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Film review: Sweet Hereafter, The

Published: Friday, Feb. 20 1998 12:01 a.m. MST

Last year's "The Ice Storm" proved that films don't necessarily have to be likeable or sticky sweet to be rewarding. And though this one is slightly warmer in tone, "The Sweet Hereafter" is just as brutal emotionally and nearly as thought-provoking.

It's definitely not an easy film to watch, though, since it's so unflinching in its portrayal of incest and, if possible, is even more unsettling in the way it exposes dirty little secrets without trying to make its characters sympathetic.

Actually, "The Sweet Hereafter" has some creepy parallels to Robert Browning's tale of "The Pied Piper," as a teenage girl tries to save the town's residents of a small rural community in British Columbia from a rather rodentlike charmer.

The character in question is Mitchell Stephens (Ian Holm), an attorney who is bedeviled with family problems. His daughter, Zoe (Caerthan Banks, daughter of author Russell Banks, whose novel forms the basis for the movie) ran away from home and is addicted to drugs.

Though he finds himself powerless to save Zoe, that personal crisis doesn't stop him from exploiting the residents, who are finally beginning to recover from emotional and physical scars suffered in a disastrous schoolbus crash.

Mitchell immediately seeks out the parents of children who were killed in the crash, promising that they will receive compensation if they let him represent them in a class-action lawsuit. He then begins to build his case around the testimony of two of the survivors — bus driver Dolores Driscoll (Gabrielle Rose) and teenager Nicole Burnell (Sarah Polley), an aspiring musician crippled in the accident.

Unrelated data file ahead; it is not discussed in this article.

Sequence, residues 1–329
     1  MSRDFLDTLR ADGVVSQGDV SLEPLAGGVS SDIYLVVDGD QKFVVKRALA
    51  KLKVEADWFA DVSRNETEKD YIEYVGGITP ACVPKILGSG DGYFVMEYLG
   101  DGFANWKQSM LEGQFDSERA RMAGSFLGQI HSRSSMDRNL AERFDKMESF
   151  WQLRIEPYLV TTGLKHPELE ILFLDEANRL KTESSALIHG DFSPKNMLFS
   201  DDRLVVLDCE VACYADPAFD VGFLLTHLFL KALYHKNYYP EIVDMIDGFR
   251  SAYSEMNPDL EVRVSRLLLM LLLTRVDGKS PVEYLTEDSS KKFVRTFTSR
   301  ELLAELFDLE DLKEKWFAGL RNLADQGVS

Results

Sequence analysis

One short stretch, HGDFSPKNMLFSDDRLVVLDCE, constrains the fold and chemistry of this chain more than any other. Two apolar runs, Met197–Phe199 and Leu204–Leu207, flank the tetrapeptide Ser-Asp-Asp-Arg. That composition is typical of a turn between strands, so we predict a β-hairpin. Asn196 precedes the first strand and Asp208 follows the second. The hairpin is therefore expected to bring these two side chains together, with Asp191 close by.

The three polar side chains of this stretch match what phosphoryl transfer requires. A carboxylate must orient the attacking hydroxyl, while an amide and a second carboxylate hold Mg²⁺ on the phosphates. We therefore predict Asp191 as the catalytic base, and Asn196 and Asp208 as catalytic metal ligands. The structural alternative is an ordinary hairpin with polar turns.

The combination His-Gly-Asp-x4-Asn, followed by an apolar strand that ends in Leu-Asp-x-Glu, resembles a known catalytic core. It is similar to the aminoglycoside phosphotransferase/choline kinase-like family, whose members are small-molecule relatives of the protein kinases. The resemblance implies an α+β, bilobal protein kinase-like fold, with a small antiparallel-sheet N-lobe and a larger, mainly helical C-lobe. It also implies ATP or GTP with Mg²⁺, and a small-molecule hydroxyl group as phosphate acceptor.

But instead of discovering what really happened, Mitchell begins to encounter some resistance from widower Billy Ansell (Bruce Greenwood), whose son and daughter were killed, as well as Nicole, who begins to assert herself and who becomes the voice of reason in the town.

Holm, an underused and underrated character actor, is the glue that holds the whole thing together. He's engrossing when he puts on his persuasive lawyer charm routine, and is almost heartbreaking when Mitchell tries to deal with his daughter by telephone, thousands of miles away.

And Polley (from TV's "Road to Avonlea") is very convincing as a character who actually gains strength when she is maimed, physically and emotionally.

Kudos also should go to writer/director Atom Egoyan, who tries to treat the material as intelligently and objectively as possible. He also does a superb job of shifting the story back and forth in time, without making it confusing or needlessly complex.

"The Sweet Hereafter" is rated R for profanity, simulated sex, violence, female nudity and some vulgar references.